As the speed of boats has gradually increased in the past few years, the Red has increasingly turned to recruited athletes.

Cameron Pollack | Sun Photography Editor

As the speed of boats has gradually increased in the past few years, the Red has increasingly turned to recruited athletes.

May 1, 2017

Rowing Traces Path to Resurgence

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This story is part of The Sun’s 2017 spring supplement. To view the rest of the supplement, click here.

Building toward races against the nation’s best at the 2017 IRA Grand Finals, the Cornell rowing program has shown that having highly disciplined workers and physically prepared boats regularly leads to success in its spring cup races.

With the Red heavyweights sweeping the Quakers and the lightweights capping off their undefeated cup season with a sweep of Dartmouth last weekend, both teams’ immense training investments have begun to pay race-day dividends. But as history has shown, simply maintaining a relentless training effort does not guarantee gold medal wins and eventual success at the annual Eastern Sprints and IRA events.

Keeping in mind that taller athletes have a direct mechanical advantage over shorter ones in the sport of rowing, recruiting technically-talented, fast and tall athletes during the team’s recruiting process is one of the most important and necessary steps in finding gold for either team. While bringing in talented recruiting classes is a challenge for almost every collegiate rowing coach, it is one critical aspect of the Red’s rowing program that coaches especially hope to continue to improve and bolster in the coming years.

CBP_7340In past years, the Red — like many programs throughout the country — has consistently relied on walk-on athletes to grow within the program and compete at the varsity level by their final year. The process of transforming walk-on students into successful collegiate rowers has become harder in regard to the ever-increasing technical
aspects and requirements of the sport. Requiring much more than four years of hard conditioning on an erg machine to compete with the fastest boats in the nation, recruits are now expected to have significant in-boat and race experience prior to arriving at Cornell.

“We no longer can rely on walk-on talent,” said program director and heavyweight head coach Todd Kennett ’91. “When I was a student, three quarters of the rowers were walk-ons. Today, the speed of the boats is getting so fast that the majority of walk-on athletes just do not have the time to learn the skill in order to compete with recruits who may have been rowing for years.”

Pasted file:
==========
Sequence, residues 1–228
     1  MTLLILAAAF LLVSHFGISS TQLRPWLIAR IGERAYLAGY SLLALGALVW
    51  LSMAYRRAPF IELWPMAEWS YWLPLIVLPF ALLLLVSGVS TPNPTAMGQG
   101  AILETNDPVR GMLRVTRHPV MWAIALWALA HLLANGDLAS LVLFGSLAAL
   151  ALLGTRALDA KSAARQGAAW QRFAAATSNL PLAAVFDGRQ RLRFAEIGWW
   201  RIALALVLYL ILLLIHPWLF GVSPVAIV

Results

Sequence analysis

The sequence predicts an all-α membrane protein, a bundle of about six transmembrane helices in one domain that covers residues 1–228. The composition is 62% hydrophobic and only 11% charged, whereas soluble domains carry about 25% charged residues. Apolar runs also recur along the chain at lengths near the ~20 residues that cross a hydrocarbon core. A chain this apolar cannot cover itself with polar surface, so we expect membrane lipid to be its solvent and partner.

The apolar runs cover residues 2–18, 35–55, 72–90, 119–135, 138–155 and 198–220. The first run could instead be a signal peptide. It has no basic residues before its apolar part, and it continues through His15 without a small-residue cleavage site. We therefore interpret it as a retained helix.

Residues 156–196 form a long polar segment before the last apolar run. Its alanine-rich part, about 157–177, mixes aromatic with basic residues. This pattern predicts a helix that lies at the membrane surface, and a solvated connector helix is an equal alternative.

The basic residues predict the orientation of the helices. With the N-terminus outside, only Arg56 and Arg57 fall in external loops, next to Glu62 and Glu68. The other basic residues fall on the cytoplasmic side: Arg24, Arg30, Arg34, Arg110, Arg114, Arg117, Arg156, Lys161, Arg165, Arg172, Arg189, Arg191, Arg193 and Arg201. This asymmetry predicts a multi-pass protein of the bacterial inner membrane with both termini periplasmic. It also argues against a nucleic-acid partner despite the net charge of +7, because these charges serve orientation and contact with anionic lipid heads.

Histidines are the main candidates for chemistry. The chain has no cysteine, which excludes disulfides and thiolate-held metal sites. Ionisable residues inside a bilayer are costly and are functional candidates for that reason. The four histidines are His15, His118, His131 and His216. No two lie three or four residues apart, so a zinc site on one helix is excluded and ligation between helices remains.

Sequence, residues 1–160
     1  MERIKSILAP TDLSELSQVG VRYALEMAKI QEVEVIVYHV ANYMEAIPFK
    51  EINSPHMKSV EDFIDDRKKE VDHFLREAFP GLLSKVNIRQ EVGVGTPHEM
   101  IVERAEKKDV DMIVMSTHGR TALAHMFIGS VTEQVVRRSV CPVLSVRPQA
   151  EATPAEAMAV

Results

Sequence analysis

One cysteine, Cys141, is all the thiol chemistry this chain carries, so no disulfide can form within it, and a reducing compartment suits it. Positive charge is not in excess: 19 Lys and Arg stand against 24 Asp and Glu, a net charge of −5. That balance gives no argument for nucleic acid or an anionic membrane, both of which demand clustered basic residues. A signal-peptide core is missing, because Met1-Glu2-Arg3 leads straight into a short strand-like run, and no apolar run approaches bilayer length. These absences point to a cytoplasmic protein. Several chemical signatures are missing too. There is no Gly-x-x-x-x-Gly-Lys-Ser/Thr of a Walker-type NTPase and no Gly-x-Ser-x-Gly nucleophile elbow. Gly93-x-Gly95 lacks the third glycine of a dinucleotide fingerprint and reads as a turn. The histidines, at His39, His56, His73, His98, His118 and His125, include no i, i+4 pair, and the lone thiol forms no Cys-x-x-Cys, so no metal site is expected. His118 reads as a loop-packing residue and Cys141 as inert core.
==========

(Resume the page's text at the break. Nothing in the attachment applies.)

Since Kennett himself was a walk-on to the Cornell heavyweight team during his college years, his comments surrounding the future of recruiting reveal that the recruiting process within the ancient sport is bound for change.

Additionally, when noting the ways in which the Red intends to further build and support better recruiting classes that overarch the entire rowing program, Kennett stressed the important role of alumni. The current boathouse costs around $10 million, much of which came from the program’s alumni and friends.

“Alumni relations are so vital to rowing because of the support they give our program,” he said. “The alumni realize how amazing an experience rowing is, and Cornell rowing today strives to continue to provide the opportunity for athletes to succeed and be the best they can — in and out of the classroom, on and off the water.”

Heavyweight captain Joel Cooper echoed his coach’s comments about the importance of recruiting, adding that he thinks the program will never sacrifice what he believes are the most critical aspects to a recruit’s eventual success compared simply to a recruits overall height.

“The most important aspect in building a successful program is the team culture and work ethic,” Cooper said. “If all members of the team are committed to driving themselves and those around them to the highest possible level each day, then the standard of the group will continually rise.”

“We of course look at athletic ability and height potential, but also how we see that person fitting in with and contributing to our team atmosphere,” he added. “That way we can ensure that our culture is fostered from year to year helping develop long term success.”

Cooper — an alumnus of the Abingdon School and multiple medal winner for Great Britain’s junior national team — is a prime example of the where many future, and perhaps more mechanically advantaged rowers, will also come from for the Red: overseas. Already recruiting athletes from locations like New Zealand, Turkey and Great Britain, the Red could very well follow in suit of programs like Harvard and Yale and recruit the majority of its classes from around the globe.

Cooper assured that regardless of recruiting class, the Red has every intention of continuing to put in the training necessary to survive the lactic pain of a 2k race and bring back some gold to Ithaca.

“One of major themes for the entire year that we have continued into the spring is making sure we are the fittest team out there.” Cooper said. “We have been pushing ourselves to get as many meters a week as possible in order to develop that extra level of fitness to go to in the last section of the race if need be.”

With practices on Cayuga Lake hours before most Cornell students reach for their snooze buttons, as well as erg sessions that make even former Rio Olympian and current assistant coach Alex Karwoski sweat profusely, the commitment and skill level required for both future recruits and current members of the heavyweight and lightweight crews at Cornell has never been higher.

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